ORIGINAL PUBLICATION DATE: 12/15/2008
When I visit the Lanphere Dunes I always feel like I have taken a trip to another part of the world. Hidden and relatively unknown, the redwood forest — as a local destination — can overshadow this unique ecosystem. The dune complex is surrounded by temperate coniferous rainforest, the Pacific Ocean, and Humboldt Bay — ecologically trapping and therefore fostering, for millenia, isolation of space and time. Species that survive here define their own vegetation type; from the common to the unexpected, to the seemingly out of place there is always something new to appreciate on a trip to the dunes. Although a visit requires a guide or written letter of permission, hikes are offered monthly — check the Humboldt Bay National Wildlife Refuge webpage for information regarding access.
In between dune complexes, forests thrive where they are sheltered — out of the wind.
Today, we were lucky to have a guide. Allison and I joined Dr. John Sawyer and his wife Jane on a walk through the dunes. John was a key member of a group of conservationist with a vision — that originally secured preservation for this area nearly 40 years ago. Since the establishment of the preserve, it has changed hands from the original steward, the Nature Conservancy, to the Fish and Wildlife Service who manages it today — with a mostly hands off approach, except toward the removal of non-native species, the place has maintained a primordial feel.
Kinnikinnick (Arcotstaphylos uva-ursi) and reindeer lichen (Cladonia rangiferina) carpet the forest floor.
As the sand shifts south the vegetation soon follows. Here, John Sawyer and I observe young beach pines sprouting where the sand has recently (over the past 25 years) blown away — creating a more stable soil medium.
Lanphere dunes foster an amazing range of biota. From rare plants to common plants to plants that are far from their more common range — expect the unexpected when venturing into the dunes. Besides some terrific conifer specimens, including a subspecies of lodgepole pine called beach pine (Pinus contorta spp. contorta), the most intriguing inhabitants in the dunes are reindeer lichen (Cladonia rangiferina) and bear berry manzanita (Arcotstaphylos uva-ursi). The lichen is a common component of northern boreal forest floors where it grows circumpolar in the northern hemisphere — the Lanphere Dune population is a relict from a much colder time. Bear berry, or kinnikinnick, is a beautiful, prostrate manzanita that is found elsewhere in California in a few drainages on the east side of the High Sierra Nevada — dunes and high mountains, quite a contrast in habitats. One species that caught Allison’s eye was a population of twin flower (Linnea borealis); a plant we have grown to love on our summer forays into the Klamath Mountain high country. Dr. Sawyer informed us that the population Allison spotted was the only one discovered one in the dune complex — another relict of an epoch gone by.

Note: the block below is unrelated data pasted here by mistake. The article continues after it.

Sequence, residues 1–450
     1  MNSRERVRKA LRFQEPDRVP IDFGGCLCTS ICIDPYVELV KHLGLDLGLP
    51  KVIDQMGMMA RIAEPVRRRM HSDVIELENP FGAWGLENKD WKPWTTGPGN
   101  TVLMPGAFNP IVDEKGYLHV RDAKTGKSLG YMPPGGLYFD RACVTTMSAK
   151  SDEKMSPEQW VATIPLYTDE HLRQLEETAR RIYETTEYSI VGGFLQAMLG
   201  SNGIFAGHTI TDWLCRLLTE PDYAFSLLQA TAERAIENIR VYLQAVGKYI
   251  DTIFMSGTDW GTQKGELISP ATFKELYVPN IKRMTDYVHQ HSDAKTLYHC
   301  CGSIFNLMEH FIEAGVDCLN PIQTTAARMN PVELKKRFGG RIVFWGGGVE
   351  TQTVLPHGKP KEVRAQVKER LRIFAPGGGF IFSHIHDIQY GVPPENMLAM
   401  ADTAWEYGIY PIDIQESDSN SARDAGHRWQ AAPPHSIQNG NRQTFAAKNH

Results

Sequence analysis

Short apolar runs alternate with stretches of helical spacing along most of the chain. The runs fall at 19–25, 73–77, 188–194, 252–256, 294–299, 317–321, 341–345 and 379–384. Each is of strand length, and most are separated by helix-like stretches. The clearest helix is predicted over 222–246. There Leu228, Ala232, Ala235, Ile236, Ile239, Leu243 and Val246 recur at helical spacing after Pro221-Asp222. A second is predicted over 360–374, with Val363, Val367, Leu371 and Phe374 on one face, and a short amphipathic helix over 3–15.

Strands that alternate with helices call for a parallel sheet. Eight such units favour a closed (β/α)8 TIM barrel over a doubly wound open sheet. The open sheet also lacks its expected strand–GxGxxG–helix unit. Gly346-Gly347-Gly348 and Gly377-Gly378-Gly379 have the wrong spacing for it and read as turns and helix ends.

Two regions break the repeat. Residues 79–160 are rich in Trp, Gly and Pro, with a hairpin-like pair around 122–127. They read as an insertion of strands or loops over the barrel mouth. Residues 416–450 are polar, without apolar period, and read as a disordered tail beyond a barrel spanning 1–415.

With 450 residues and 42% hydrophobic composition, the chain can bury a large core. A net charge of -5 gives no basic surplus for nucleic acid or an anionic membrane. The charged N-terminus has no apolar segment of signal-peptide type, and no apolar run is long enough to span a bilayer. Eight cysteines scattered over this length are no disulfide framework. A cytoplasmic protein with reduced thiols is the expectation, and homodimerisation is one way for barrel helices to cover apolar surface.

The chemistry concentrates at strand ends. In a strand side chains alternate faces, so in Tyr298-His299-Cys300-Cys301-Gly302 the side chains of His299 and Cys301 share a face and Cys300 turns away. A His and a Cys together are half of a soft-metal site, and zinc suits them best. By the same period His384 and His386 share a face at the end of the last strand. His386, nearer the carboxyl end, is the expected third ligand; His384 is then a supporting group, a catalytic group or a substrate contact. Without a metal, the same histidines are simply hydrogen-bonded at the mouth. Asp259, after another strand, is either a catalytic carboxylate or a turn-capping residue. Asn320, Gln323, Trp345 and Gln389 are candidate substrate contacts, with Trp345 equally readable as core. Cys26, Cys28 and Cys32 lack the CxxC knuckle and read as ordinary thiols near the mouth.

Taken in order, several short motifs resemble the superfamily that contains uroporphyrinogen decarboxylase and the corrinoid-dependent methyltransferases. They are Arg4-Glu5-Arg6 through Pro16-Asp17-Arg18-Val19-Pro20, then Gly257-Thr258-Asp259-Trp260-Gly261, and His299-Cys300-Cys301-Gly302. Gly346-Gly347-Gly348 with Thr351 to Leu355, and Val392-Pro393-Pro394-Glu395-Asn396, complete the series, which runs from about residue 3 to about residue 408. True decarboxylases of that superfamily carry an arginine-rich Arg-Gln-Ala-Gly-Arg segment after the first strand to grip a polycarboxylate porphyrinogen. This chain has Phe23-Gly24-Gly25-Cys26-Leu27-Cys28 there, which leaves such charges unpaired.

Allison and John passionately discuss the seed dispersal of the Humboldt Bay wallflower (Erysimum menziesii)
The dynamic ecosystems of Lanphere Dunes makes for an exceptional hike. This is a place that embraces change, while at the same time offers refuge to species that were once common in the region during climatically different times. It is surely one of the best examples of a coastal dune ecosystem on the Pacific Coast.
With ocean winds come shifting sand. When sand encroaches upon the forest trees die leaving “skeleton forests” — reminding the temporal visitor that the dune ecosystem is a dynamic one.
AUTHOR: J Loomis
DATE: 5/2/2009 3:38:42 AM
Just returned from CA last Sunday. I was unable to tour the Lamphere Dunes not knowing it required a permit. Went to the nearby “Friends of the Dunes” Stamp D. area and was fortunate to find a single Wallflower….or what I thought was one. Anyone have any pictures?